Most ASDs <8mm close spontaneously in infants. Spontaneous closure is unusual in children and adults; defects often become progressively larger. Most patients with a significant shunt flow ratio (Qp:Qs > 2:1) will be symptomatic and require closure by age 40. Increasing size of the ASD may preclude percutaneous closure.

40 Natural History of ASDs
Life expectancy is not normal, though many patients live to advanced age. Natural survival beyond age is <50%. The attrition rate after age 40 is ~6% per year. Advanced pulmonary hypertension seldom occurs before the third decade. Atrial fibrillation is a late complication; stroke is a potential complication of ASD (ongoing investigation into this issue).

41 Indications for Defect Closure
1.) Symptoms Exercise intolerance, fatigue, dyspnea, heart failure Atrial tachyarrhythmias? Occur in 20% and often the presenting symptom Not an indication by itself (incidence may not be reduced after surgery).

42 Indications for Defect Closure
2.) Defect Size and Qp/Qs Larger ASDs impose a greater hemodynamic burden on the RV. In the absence of pulmonary hypertension, Qp/Qs is closely correlated with the size of the ASD. Qp/Qs > 2:1 is a well-established indication, though many authors advocate 1.7:1 or even 1.5:1. AHA recommends a threshold Qp/Qs ≥ 1.5:1, but these guidelines exclude patients > 21 years of age. Canadian Cardiac Society recommends Qp/Qs >2:1, or >1.5:1 in the presence of reversible pulmonary hypertension.

43 Surgical Closure Median sternotomy is the
traditional approach; minimally invasive approaches are emerging. Pericardial or Dacron patches are used. Primary closure of the defect is not recommended. Can repair other defects at the same time (such as cleft mitral valve if primum ASD). Intraoperative TEE useful to assess adequacy of repair; can also assess for any new TR or MR that is occurring from tension of the repair.

44 Surgery: Efficacy Does surgery still benefit patients who are older at the time of diagnosis? Attie et al. prospectively evaluated 473 pts. over age 40 diagnosed with secundum ASDs, randomized to surgery vs. medical Rx Mean age 51 Median follow-up of 7.3 years. Qp/Qs ratio 2.3 ± 0.7 Primary endpoints = death, PE, major arrhythmia, embolic CVA, recurrent pulmonary infection, functional class deterioration, or heart failure. Attie F, et al. JACC 2001; 38(7):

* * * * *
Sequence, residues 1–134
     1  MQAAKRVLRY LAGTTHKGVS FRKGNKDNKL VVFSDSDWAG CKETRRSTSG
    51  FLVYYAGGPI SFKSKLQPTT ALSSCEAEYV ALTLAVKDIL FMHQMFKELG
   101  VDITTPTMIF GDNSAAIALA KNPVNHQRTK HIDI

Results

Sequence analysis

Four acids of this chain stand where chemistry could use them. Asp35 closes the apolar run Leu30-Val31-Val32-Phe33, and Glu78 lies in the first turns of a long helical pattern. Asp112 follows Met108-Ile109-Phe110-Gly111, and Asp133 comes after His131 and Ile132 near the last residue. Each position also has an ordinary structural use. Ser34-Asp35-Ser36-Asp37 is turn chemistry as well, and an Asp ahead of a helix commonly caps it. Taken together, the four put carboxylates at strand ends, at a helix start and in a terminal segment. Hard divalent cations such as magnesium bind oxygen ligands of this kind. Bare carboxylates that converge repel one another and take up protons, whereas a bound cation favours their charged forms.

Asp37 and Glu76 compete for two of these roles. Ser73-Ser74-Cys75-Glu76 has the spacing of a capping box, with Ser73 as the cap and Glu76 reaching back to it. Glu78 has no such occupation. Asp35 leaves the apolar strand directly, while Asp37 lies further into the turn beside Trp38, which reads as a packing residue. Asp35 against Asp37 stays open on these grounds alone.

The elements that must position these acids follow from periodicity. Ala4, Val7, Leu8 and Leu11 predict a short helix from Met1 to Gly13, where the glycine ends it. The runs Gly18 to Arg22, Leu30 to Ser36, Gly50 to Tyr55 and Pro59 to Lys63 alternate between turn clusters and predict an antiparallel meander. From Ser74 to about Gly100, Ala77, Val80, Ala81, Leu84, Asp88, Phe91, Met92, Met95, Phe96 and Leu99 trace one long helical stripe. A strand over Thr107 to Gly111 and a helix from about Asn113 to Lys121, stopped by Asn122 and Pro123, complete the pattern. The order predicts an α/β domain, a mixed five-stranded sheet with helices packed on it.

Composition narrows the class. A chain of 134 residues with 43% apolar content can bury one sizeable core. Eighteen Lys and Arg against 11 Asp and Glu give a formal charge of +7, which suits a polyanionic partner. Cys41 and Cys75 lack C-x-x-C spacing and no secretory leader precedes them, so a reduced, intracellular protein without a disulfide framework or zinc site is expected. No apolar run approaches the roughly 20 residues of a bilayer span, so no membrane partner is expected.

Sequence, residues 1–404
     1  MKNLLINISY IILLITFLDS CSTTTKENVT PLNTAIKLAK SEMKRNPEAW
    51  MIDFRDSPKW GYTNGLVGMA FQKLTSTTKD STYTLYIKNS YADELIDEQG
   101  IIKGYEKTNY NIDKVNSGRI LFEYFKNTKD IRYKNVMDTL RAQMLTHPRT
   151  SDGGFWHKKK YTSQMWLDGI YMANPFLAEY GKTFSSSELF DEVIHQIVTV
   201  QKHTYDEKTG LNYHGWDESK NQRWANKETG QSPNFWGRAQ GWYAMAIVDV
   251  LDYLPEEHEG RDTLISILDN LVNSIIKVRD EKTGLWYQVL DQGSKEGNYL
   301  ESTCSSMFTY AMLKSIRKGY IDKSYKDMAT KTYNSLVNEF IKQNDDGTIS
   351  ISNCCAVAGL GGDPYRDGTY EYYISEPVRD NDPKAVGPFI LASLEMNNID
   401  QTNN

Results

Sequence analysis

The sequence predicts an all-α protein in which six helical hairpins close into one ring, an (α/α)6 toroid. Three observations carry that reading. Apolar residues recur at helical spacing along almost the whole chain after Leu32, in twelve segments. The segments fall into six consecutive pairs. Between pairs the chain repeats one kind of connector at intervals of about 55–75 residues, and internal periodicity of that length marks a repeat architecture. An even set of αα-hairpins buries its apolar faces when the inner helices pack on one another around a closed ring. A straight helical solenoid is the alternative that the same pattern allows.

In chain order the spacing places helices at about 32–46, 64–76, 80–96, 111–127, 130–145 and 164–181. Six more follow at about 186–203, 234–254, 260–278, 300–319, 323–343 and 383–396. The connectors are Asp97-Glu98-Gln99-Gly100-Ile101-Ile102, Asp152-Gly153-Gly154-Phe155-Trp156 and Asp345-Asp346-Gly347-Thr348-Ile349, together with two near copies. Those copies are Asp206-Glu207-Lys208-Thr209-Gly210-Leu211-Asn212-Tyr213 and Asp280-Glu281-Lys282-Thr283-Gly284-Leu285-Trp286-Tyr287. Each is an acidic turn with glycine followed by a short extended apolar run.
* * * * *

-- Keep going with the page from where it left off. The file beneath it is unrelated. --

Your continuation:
45 Attie F, et al. JACC 2001; 38(7):

46 Composite primary endpoint occurred more frequently with medical than surgical therapy (21 vs 11 percent, H.R. 2.0). Overall mortality not statistically different, but there was a nonsignificant trend toward higher sudden death rate with medical treatment (2.9 vs 0.9 percent). Multivariate analysis (adjusted for age at entry, mean PASP > 35 mmHg, previous atrial tachyarrhythmia, and C.I. < 3.5 L/m2) had a significantly higher mortality with medical management (H.R. 4.1).

47 Surgery: Efficacy Konstantinides et al. retrospectively evaluated 179 patients with isolated ASDs diagnosed after age 40 (91% secundum, 3% primum, 6% sinus venosus) Compared 84 pts. (47%) who underwent surgery vs. 95 pts. (53%) who were treated medically. Mean age 54±7 years for the surgery group, 57±10 years for the medical therapy group. Mean follow-up period 8.9±5.2 years Cardiac symptoms reported in 94% at presentation. “The decision not to operate was based on the judgment of the cardiologists and cardiac surgeons involved in each case.” Konstantinides S, et al. NEJM 1995; 333(8):

48 Konstantinides S, et al. NEJM 1995; 333(8): 469-73.

49 Surgery: Efficacy Multivariate analysis revealed a reduced mortality from all cause in the surgical group (relative risk 0.31; 95% C.I ). Ten-year survival rate was 95% in surgical group, 84% in medically treated group. Surgical treatment prevented functional deterioration (11% vs. 34%, relative risk 0.21, 95% C.I ) and improved functional status (32% vs. 3%, p=0.002). Incidence of new atrial arrhythmias or stroke was not significantly different. Konstantinides S, et al. NEJM 1995; 333(8):

50 Long-Term Surgical Outcomes
Surgery before the age of 25 yields in 30-year survival rates comparable to age- and sex-matched controls. At years of age, surgical survival is reduced, though not significantly if PA pressures are normal. If PASP > 40 mmHg, late survival is 50% less than control rates, though life expectancy in surgically treated older patients is better than that of medically treated patients. No benefit of surgery in reducing the incidence of AF, though the patient’s age at the time of closure is the most important predictor of the development of atrial arrhythmias.

51 Percutaneous Closure An alternative to surgical closure for secundum ASDs with appropriate anatomic characteristics. Defect < 30mm diameter Prefer a rim of tissue at least 5mm around the defect to prevent obstruction of coronary sinus, R pulmonary veins, vena cavae, or AV valves. Approximately half to two-thirds of secundum ASDs in adults meet these criteria.

52 Amplatzer Occlusion Device
Introduced in 1996. Approved for percutaneous ASD closure in 2001 by F.D.A. Over 90,000 have been manufactured and delivered to date. Consists of two round disks made of Nitinol (nickel + titanium) wire mesh linked together by a short connecting waist.

53 Amplatzer Occlusion Device
Advantages over other devices: Can be delivered through smaller catheters It is self-centering but can be repositioned easily Has round retention disks that extend radially beyond the defect, which results in a much smaller overall size and firmer contact with the atrial septum Shape enhances endothelialization and reducing the risk of residual shunting